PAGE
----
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Improving Polymers Through Simulation

Wouldn't it be nice to know how a material would flow just by looking at its molecular structure?" asks Associate Professor of Mechanical Engineering A. Jeffrey Giacomin, director of the college's Rheology Research Center. Predicting rheological properties-the way materials flow and deform-is a cornerstone of the research programs for many of the center's 11 faculty members.

Partially through cooperation and partially through kismet, the work of some of the center's newest members dovetails to reveal the inner workings of rheological materials. Giacomin, for example, is developing ways to measure flow behavior of materials under extreme conditions. That work helps other researchers verify their simulations, providing powerful new tools for developing polymers. Ideally, he explains, an engineer who wanted to find the perfect polymer for a given product could select characteristics of different molecular combinations and would then be able to view on screen how the resulting plastic would behave for a given application and without the expense of producing the actual substance.

"That's what I'm trying to do: go all the way from atoms to the factory," says Juan J. de Pablo, an associate professor of Chemical and Biological Engineering. De Pablo is developing computer models that describe how individual polymer molecules, which are long chains of atoms, fit together and interact. As these models evolve, he hopes to link them with models that other center researchers are developing to provide turn-key simulation that could follow the manufacturing process all the way from the molecular level to final product.

Juan de Pablo by computer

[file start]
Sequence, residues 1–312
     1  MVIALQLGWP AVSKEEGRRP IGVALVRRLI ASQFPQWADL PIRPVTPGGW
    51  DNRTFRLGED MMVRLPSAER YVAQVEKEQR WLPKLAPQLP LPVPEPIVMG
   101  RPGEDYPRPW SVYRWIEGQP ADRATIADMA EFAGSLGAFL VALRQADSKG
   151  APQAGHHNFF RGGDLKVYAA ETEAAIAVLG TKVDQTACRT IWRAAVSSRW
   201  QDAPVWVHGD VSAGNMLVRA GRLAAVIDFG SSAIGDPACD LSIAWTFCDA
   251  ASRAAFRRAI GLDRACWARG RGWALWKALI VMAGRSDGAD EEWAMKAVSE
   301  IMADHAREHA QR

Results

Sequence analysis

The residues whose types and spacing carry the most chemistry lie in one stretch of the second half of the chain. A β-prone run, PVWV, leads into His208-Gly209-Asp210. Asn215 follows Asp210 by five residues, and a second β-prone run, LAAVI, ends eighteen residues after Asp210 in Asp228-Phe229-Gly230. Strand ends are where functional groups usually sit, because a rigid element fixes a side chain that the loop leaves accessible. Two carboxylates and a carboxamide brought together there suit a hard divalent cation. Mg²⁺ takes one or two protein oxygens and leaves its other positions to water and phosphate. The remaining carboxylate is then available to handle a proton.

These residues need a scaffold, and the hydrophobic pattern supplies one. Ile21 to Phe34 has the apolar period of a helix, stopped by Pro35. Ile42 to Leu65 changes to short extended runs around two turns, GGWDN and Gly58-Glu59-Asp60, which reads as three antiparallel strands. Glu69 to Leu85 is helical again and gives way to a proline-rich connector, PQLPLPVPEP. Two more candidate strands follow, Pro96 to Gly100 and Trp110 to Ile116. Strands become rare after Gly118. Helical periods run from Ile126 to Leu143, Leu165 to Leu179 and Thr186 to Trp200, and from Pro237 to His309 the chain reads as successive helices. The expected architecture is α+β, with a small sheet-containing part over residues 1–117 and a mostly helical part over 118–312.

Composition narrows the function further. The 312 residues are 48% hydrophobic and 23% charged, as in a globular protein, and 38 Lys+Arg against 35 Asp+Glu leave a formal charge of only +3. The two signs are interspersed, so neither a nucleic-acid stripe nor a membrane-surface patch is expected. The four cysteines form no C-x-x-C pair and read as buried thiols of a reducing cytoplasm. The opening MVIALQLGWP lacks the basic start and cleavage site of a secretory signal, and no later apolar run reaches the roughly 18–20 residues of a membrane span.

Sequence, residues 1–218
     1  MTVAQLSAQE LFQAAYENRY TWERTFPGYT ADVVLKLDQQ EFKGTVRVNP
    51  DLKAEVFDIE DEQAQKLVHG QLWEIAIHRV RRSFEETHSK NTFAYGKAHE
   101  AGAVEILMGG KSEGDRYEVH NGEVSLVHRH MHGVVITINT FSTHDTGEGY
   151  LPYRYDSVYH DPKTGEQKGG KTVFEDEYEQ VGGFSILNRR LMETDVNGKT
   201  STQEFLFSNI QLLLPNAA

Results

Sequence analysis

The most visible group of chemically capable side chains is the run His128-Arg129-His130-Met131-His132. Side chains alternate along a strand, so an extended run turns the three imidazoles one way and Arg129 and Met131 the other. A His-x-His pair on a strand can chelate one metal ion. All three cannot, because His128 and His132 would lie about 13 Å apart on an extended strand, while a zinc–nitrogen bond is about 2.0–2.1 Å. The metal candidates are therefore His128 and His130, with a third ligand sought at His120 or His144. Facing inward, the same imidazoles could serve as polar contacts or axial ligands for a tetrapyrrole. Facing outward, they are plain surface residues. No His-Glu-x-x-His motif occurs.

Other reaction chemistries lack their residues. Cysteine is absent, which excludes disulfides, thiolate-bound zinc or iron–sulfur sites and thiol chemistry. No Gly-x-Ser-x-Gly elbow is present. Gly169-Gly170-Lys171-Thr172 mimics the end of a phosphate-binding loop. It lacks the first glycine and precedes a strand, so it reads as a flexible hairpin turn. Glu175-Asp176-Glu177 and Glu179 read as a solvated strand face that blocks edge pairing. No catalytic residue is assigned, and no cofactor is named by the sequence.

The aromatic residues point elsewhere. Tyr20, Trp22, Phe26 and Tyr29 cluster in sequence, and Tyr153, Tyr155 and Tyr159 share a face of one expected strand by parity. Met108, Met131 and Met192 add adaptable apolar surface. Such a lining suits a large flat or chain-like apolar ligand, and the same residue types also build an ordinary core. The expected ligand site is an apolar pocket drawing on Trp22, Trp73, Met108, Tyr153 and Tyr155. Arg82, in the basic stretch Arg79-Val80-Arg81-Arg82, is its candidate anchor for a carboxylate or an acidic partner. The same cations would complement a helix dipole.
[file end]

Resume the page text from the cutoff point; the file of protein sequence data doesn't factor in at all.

Juan J. de Pablo is developing computer models that describe how individual polymer molecules fit together and interact. Eventually he hopes to link them with other models to provide a simulations that follow the manufacturing process all the way from the molecular level to final product. (large image)

Currently, de Pablo is concentrating on modeling thermophysical properties of fluids and solids. His first step is to simulate the interaction of as many molecules as possible of pure polymer. (Increasing the number of molecules makes the models more accurate, but can bog down the computer, and slow the simulation.) Once he has a good representation of how the material behaves, he can simulate conditions that would be difficult or impossible to measure in the real world. He can, for example, predict how materials flow at pressures of thousands of atmospheres or how well they lubricate in a space just a few millionths of an inch across. This software, Giacomin says, would let researchers "tinker with molecular structures until they figured out which one would give them the best flow behavior. It would really change the way new polymer products are invented."

Another application of de Pablo's simulations is predicting the effects of imperfections in manufactured materials. Manufactured polymers always have inconsistencies and contaminants that can alter the materials' behavior. And because these flaws usually appear in combinations and can't be entirely eliminated, it is difficult to gauge their effects. But after de Pablo has generated a computerized version of a pure material, he can follow its subtle changes as he adds individual flaws. "An advantage of the simulation is that I have perfect control over the molecule, which is difficult to achieve in real life," he says.